The gastro-orthopaedic tour of Kuala Lumpur continues....

We have been very fortunate to have been given this opportunity. We have met many great people and have learned how different things may be, but moreso, how similar things are halfway around the world. The Malaysians deal with many of the same issues in healthcare and delivery of orthopaedic surgery as we do in the United States. While many of the injuries and pathology they see is similar to ours, I don’t think I have ever seen 4 people on a moped on a highway with a 5 year old child in front and 2 other school age children behind their father.

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We started our day by being picked up by one of the house officers (resident) and being brought to the University Malaya Medical Centre (UMMC) for Friday educational day. Justin and I have now shed our ties as we have learned that the 80+ degree weather with 80% humidity is unsuitable for the formalities of the U.S. Medical students here even have short-sleeved white coats, as many of the wards and other areas of the hospital are not air-conditioned.

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Justin started us off with an excellent lecture on the approach & management of pediatric ACL injuries. The house officers listened in amazement as no one had previously seen an ACL injury in any child under the age of 16 years. Jenn followed this up with her perspective on mentoring in orthopaedic surgery (spoiler alert…this wasn’t the only mentoring we heard about today). I discussed pediatric femur fractures with treatment options and management. While Malaysia lacks lateral entry nails specific to pediatric patients, I was enlightened by their LLRS workshop where Ilizarov frames are pre-made by the residents prior to surgery to be sterilized and modifications were made to spica casting tables to facility cast care.

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After completion of our morning educational session, we were taken on a tour of the hospital including the clinic, the biomechanics lab, and the LLRS lab accompanied by Dr. Roshan Gunalan. We then met up with Professor Saw Aik at lunch. Dr. Wilson Wang was visiting from Singapore to administer the oral examination to the orthopaedic trainees, which is comprised of actual patients with real pathology, not just standardized patients.

We returned to the hospital to discuss Professor Saw’s Silent Mentor program (www.silentmentor.org). Designed at Tzu-Chi University in Taiwan (and in existence since 2012 at UMMC) this program allows physicians, residents, and students to learn surgical approaches and anatomy on fresh frozen cadavers through directed donation by patients. Medical students interview the “Mentors” during their hospice. Upon initiation of the educational program, the “Mentors” teach their trainees through their ultimate sacrifice. 4 workshops are held throughout the year. Over 4 different 1 week sessions, 25 Mentors provided education of almost 700 medical professional! Different from other programs, it is encouraged for the learners to know the identity of the mentor, see the patient being interviewed, and respect the patient as if they were a live patient. After completion of each week, a ceremony is held to honor the Mentors and their families and accompany them to their final resting place. What a humbling experience.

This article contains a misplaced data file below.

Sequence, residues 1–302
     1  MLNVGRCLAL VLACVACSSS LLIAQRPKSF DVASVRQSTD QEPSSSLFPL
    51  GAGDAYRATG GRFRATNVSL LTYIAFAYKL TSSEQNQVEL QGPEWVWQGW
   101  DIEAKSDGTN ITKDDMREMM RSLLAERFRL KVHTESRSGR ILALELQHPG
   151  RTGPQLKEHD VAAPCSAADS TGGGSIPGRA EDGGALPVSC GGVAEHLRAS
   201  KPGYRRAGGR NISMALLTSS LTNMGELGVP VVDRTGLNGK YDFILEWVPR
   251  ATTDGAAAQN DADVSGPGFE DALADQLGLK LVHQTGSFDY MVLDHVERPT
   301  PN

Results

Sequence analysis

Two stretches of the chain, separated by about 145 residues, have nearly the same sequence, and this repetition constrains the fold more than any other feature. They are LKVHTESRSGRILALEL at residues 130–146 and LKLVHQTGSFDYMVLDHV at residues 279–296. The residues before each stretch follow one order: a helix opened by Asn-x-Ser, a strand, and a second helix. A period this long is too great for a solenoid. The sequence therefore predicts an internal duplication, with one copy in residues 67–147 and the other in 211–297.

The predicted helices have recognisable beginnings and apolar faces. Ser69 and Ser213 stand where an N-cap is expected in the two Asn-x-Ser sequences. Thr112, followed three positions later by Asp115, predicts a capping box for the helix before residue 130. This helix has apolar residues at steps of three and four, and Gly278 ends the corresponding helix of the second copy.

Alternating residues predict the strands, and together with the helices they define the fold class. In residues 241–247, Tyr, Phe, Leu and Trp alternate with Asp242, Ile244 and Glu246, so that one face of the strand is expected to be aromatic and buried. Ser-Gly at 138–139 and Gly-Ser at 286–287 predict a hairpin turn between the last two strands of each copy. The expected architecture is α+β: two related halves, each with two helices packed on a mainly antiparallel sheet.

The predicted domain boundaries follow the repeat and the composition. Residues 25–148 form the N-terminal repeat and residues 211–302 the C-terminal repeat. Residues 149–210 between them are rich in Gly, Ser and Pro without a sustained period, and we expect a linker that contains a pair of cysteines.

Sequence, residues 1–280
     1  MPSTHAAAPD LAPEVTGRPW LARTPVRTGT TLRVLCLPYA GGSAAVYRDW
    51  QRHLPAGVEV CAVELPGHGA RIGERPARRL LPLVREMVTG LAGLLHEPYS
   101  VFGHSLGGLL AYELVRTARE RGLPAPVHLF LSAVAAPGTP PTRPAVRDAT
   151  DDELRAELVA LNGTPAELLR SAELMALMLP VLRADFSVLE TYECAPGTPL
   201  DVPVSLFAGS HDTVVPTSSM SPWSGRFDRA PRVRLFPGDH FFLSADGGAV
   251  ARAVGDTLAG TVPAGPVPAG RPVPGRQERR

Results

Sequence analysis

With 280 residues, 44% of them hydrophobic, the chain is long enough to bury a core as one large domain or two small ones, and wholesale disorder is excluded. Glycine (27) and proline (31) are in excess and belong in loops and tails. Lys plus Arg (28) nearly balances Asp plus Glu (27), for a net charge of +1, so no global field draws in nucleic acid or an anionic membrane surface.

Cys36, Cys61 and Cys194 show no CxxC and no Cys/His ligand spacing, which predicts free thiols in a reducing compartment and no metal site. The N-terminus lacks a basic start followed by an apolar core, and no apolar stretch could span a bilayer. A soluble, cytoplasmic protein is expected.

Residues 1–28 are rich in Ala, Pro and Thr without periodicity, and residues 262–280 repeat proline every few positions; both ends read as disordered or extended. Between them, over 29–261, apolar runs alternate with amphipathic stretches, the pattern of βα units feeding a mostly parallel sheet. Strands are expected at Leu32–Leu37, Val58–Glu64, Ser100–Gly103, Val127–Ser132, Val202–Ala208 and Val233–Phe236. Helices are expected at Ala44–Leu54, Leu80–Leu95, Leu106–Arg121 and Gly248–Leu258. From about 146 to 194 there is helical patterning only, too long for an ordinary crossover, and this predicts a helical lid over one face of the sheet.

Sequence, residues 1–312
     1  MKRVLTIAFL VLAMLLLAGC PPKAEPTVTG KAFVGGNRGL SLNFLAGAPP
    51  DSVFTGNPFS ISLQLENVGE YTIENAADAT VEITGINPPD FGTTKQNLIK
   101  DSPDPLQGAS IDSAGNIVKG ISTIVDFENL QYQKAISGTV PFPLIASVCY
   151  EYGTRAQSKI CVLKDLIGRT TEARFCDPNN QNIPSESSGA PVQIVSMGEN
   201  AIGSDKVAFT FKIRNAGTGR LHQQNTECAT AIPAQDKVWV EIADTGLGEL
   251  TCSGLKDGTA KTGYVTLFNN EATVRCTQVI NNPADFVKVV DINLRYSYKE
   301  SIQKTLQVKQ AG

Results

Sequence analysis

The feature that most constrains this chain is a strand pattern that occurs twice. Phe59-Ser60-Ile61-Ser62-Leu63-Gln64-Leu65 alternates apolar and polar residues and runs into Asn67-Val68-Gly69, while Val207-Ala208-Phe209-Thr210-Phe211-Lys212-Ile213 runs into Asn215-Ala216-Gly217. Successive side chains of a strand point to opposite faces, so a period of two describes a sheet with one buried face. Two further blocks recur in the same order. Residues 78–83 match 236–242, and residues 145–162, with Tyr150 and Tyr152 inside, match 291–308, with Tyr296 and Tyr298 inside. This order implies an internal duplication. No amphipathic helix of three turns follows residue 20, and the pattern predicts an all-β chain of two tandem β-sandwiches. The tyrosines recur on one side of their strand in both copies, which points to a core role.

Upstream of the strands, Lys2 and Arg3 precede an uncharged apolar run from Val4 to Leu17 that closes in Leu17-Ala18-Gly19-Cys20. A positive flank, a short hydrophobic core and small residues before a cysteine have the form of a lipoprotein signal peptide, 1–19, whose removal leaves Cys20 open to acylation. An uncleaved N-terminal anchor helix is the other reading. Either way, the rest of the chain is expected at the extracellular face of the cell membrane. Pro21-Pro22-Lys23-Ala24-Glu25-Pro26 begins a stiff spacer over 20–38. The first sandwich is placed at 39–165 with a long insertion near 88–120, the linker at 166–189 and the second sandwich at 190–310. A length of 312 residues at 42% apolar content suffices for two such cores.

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We regrouped in the evening when we met up with the pediatric orthopaedic faculty from all 3 institutions in KL (Universiti Kebangsaan Malaysia-UKM, Maternal & Children’s Hospital Kuala Lumpur & University Malaya Medical Center-UMMC) for a wonderful traditional Malaysian dinner. We have learned that the Malaysians are extremely proud of their multi-cultural country and even more proud of their cuisine.

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We have been extremely impressed by the quality of care provided, the training programs at each of the institutions, and the friendships that we have gained during our time in KL. We are sad to leave behind an amazing city, but tomorrow we will explore the area surrounding Kuala Lumpur, then head to Seoul, South Korea. We have immensely enjoyed our stay, particularly our local host, Dr. Lynn Azura. We are not leaving a city behind, but rather gaining friendships as we leave.
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